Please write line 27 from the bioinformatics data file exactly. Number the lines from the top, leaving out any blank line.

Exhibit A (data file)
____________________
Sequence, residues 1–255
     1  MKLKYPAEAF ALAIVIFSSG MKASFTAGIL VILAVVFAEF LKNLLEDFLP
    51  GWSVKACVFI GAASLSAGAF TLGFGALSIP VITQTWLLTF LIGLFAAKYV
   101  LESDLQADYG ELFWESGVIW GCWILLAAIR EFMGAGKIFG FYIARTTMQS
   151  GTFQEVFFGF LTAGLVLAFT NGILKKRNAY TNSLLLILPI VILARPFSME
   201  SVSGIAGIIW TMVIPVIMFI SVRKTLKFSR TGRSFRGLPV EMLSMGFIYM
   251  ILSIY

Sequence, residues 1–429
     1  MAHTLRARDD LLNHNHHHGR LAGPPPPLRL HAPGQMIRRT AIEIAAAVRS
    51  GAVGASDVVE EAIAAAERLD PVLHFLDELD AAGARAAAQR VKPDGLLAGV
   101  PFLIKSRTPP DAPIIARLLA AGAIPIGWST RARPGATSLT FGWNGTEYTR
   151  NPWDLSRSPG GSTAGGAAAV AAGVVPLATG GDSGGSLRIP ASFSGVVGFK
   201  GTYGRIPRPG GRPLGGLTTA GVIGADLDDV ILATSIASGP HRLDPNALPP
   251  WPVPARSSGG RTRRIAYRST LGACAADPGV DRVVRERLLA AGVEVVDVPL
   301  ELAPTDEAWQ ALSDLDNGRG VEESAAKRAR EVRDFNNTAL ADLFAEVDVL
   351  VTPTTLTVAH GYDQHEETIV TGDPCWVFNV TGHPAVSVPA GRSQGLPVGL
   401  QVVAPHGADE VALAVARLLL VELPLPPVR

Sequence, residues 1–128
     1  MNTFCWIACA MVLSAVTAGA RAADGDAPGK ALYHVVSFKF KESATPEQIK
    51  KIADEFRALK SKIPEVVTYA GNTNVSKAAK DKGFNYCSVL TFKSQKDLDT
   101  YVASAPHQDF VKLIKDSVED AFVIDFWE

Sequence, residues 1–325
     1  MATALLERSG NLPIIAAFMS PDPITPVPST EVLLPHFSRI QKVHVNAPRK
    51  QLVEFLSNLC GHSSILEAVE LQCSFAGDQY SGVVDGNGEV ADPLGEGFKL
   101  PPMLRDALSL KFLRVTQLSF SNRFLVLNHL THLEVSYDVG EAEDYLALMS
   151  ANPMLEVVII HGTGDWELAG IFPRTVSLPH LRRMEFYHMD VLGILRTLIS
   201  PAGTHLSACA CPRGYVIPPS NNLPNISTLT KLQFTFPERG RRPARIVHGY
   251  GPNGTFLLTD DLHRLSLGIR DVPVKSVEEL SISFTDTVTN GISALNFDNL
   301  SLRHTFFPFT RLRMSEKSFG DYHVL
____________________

   201  PAGTHLSACA CPRGYVIPPS NNLPNISTLT KLQFTFPERG RRPARIVHGY